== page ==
It’s something straight out of a science-fiction movie: two monster black holes, weighing as much as 10 billion suns, that threaten to swallow everything within a distance equal to five times our solar system region.
Thanks to the work of UT astronomy professor Karl Gebhardt and graduate student Jeremy Murphy, the existence of these massive holes—the largest ever discovered—is fact rather than fiction.
The pair was part of a research team that utilized the Gemini and Keck telescopes in Hawaii, in addition to the Mitchell Spectograph at UT’s McDonald Observatory, to measure the masses of the two objects. This was done by recording observations of fast-moving stars and the outer regions, called dark halos, of the black holes.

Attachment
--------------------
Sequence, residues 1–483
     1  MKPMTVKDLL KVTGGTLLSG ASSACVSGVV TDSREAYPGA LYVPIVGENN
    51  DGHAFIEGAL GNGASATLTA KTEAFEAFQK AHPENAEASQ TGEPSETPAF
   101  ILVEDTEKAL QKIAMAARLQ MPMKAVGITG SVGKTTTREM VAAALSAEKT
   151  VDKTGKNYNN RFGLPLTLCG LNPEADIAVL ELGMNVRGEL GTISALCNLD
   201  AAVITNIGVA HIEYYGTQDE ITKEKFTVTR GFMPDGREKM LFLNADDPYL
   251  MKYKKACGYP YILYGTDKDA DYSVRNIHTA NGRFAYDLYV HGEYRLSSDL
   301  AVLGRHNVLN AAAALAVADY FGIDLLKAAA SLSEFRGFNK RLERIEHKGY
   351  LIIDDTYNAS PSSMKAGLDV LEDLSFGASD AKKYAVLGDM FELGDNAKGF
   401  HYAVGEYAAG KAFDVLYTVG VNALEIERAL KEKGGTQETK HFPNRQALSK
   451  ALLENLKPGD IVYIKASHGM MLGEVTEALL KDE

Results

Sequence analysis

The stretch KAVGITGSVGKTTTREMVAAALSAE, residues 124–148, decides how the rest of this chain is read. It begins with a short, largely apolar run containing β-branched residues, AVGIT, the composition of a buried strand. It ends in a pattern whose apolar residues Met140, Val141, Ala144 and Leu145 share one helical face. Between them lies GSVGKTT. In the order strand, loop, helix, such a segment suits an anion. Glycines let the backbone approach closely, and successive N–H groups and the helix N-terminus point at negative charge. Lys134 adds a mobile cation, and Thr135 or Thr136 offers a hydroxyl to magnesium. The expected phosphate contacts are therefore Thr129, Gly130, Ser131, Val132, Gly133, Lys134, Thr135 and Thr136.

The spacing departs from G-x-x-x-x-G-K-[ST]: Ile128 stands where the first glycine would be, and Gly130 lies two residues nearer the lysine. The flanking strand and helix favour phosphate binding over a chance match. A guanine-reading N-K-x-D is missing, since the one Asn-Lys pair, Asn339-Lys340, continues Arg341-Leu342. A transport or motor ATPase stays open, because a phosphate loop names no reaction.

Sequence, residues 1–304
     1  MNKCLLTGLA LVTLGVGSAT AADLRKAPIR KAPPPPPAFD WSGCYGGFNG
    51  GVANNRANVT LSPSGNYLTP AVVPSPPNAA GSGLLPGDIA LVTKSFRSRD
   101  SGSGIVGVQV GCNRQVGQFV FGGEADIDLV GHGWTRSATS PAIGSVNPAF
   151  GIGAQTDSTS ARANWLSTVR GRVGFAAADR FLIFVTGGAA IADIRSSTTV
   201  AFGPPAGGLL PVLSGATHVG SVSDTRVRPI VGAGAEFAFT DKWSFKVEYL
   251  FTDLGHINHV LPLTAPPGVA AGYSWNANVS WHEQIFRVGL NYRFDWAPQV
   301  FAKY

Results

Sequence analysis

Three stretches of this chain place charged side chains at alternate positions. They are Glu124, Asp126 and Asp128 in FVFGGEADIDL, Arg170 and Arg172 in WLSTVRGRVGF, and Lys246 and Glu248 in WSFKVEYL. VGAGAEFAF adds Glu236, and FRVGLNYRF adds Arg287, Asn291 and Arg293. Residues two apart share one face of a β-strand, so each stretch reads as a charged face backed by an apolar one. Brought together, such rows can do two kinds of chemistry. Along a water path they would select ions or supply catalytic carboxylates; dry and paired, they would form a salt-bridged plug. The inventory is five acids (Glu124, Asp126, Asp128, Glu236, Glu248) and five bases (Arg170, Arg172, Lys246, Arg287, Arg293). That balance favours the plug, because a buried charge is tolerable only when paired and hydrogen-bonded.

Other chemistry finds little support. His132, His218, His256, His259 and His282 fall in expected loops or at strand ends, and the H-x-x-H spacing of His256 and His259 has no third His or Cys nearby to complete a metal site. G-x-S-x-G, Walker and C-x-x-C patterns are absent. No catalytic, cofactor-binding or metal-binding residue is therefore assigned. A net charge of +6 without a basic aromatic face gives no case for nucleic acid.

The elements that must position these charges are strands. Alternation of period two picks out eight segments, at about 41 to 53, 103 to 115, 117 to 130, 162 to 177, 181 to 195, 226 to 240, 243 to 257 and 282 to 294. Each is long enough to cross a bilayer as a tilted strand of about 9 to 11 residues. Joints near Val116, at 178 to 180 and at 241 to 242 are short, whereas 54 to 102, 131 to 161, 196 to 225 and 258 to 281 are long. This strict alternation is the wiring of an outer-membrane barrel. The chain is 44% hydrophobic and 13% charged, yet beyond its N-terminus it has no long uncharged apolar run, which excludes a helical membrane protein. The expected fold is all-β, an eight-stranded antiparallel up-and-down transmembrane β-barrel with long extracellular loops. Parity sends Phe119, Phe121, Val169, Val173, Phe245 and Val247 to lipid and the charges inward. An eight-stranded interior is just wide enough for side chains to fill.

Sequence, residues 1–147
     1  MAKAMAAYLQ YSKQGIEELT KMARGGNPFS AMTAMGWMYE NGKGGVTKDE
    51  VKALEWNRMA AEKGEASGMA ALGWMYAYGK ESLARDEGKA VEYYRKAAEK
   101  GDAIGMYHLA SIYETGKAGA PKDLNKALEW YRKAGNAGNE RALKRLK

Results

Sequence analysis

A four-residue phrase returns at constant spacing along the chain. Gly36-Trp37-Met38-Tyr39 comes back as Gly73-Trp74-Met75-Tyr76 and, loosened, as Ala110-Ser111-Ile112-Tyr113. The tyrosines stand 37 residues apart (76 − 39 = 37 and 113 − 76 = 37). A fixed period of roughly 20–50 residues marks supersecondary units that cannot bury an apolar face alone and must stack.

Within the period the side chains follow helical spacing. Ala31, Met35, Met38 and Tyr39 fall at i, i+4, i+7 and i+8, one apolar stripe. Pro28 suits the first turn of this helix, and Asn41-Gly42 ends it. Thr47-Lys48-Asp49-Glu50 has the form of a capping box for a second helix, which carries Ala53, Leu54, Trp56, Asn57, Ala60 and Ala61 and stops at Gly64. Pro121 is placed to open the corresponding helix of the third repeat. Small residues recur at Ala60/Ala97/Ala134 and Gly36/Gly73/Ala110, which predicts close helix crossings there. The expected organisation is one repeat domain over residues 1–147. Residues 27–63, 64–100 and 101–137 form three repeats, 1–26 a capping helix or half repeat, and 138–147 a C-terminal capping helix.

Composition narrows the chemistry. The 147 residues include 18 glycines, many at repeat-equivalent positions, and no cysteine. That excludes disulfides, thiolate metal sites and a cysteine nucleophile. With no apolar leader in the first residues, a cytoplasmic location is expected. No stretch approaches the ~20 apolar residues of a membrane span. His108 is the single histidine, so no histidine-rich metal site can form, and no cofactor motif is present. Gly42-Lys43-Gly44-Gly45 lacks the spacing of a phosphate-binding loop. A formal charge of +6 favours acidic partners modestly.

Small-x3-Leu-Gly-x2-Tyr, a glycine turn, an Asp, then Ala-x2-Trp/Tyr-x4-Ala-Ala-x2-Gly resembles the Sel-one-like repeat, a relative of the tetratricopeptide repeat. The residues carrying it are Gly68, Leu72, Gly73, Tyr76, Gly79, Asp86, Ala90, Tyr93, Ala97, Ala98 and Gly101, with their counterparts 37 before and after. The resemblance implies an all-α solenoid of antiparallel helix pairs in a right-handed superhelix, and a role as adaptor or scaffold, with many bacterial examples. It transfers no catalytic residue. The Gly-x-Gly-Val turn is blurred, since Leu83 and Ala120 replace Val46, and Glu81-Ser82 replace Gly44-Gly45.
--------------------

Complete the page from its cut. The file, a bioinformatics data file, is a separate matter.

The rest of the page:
And the McDonald Observatory wasn’t the only UT entity to get in on the action. The Texas Advanced Computing Center lent the research team its supercomputers to help them better understand the changes in the holes’ atmospheres. (See what else TACC is up to here.)
“We needed computer simulations that can accommodate such huge changes in scale,” Gebhardt says. “This can only be done on a supercomputer.”
The black holes being measured are at the centers of two separate galaxies, approximately 300 million light years from Earth. They are thought to be the remnants of quasars, or bright galaxies, the existed during the early days of the universe.
The team’s research can be found in the latest issue of the journal Nature, starting Dec. 8.
Artist rendering by Lynette Cook, courtesy of McDonald Observatory.
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